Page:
And what did the leaders of the political opposition do?

In the first phase, as mentioned above, they stood for caution, clamping down on gatherings and better medical care. Indeed, one of their complaints against the PTI was that PM Imran Khan had personally downplayed the seriousness of the pandemic. While this was true, this is exactly what they themselves are doing now. Indeed, while Imran Khan personally made statements which can only be called regrettable, his government, both in the provinces and the Centre, did pursue at least some useful policies which I have mentioned above.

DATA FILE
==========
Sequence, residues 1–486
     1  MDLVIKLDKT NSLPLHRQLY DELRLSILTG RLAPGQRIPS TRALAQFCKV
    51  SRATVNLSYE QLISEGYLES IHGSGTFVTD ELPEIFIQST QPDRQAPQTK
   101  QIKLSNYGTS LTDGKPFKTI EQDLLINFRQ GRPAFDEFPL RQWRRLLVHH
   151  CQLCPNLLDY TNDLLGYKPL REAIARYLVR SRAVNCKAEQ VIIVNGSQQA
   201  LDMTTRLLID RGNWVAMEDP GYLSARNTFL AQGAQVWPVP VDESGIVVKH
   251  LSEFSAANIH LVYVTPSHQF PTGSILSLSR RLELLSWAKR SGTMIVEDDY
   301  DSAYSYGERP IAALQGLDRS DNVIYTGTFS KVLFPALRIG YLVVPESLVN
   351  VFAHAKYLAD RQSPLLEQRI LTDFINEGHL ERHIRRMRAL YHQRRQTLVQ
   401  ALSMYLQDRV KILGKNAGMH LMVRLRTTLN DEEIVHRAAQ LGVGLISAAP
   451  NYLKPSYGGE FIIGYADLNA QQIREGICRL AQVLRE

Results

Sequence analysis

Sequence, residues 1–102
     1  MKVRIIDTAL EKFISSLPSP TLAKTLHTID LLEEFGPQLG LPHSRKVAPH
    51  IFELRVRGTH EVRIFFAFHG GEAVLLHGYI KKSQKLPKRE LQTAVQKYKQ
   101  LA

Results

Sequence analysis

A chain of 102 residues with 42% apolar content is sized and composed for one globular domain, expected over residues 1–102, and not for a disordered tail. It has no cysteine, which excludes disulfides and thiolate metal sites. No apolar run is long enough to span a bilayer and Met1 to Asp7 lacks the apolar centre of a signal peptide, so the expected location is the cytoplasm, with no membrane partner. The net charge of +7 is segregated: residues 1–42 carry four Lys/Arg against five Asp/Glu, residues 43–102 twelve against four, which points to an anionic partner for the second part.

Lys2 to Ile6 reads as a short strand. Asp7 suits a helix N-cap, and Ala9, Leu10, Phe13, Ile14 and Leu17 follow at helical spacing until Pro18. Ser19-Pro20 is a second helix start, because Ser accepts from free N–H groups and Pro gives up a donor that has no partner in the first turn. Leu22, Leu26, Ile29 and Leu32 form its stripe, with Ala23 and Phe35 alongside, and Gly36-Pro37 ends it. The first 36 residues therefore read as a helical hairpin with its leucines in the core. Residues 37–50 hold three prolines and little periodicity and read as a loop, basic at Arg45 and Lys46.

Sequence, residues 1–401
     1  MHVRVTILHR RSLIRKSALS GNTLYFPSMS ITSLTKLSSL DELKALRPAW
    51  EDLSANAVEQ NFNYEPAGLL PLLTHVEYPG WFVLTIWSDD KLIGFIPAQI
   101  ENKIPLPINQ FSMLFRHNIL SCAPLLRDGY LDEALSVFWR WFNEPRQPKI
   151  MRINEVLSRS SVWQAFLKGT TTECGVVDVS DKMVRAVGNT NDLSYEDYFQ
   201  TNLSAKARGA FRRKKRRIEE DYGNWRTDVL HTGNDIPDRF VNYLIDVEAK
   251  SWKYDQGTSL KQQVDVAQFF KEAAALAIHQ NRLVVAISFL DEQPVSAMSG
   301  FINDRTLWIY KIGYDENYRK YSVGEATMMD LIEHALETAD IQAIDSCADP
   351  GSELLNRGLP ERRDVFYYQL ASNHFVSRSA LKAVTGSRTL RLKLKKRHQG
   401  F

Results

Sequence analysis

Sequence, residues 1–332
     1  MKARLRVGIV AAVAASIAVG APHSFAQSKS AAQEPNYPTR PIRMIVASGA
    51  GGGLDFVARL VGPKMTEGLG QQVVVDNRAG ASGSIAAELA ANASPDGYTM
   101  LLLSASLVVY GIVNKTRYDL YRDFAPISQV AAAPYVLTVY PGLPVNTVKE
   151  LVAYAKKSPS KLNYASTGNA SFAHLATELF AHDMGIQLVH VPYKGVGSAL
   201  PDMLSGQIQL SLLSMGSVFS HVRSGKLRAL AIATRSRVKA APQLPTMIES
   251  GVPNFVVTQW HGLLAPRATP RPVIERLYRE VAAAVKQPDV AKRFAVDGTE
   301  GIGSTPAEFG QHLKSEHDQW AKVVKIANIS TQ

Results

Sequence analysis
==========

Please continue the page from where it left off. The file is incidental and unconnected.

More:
As for the leaders of the opposition, Maulana Fazlur Rahman took the lead by leading his supporters to Islamabad but others followed soon. When the second wave of Covid-19 struck all the opposition parties including the PPP, the PML-N, the JUI-F and the the ANP led huge processions in the whole country. Every day in the months of November and early December the news was grim: over 3,000 cases a day; over 50 deaths but the leaders of the opposition paid no heed to it. They said that the government had done it earlier. While this is true, two wrongs do not make a right. Moreover, since the cases of infection had increased, it was even more imperative for anyone who had compassion, vision and sensitivity to human suffering that they call off their protests in the name of saving human lives.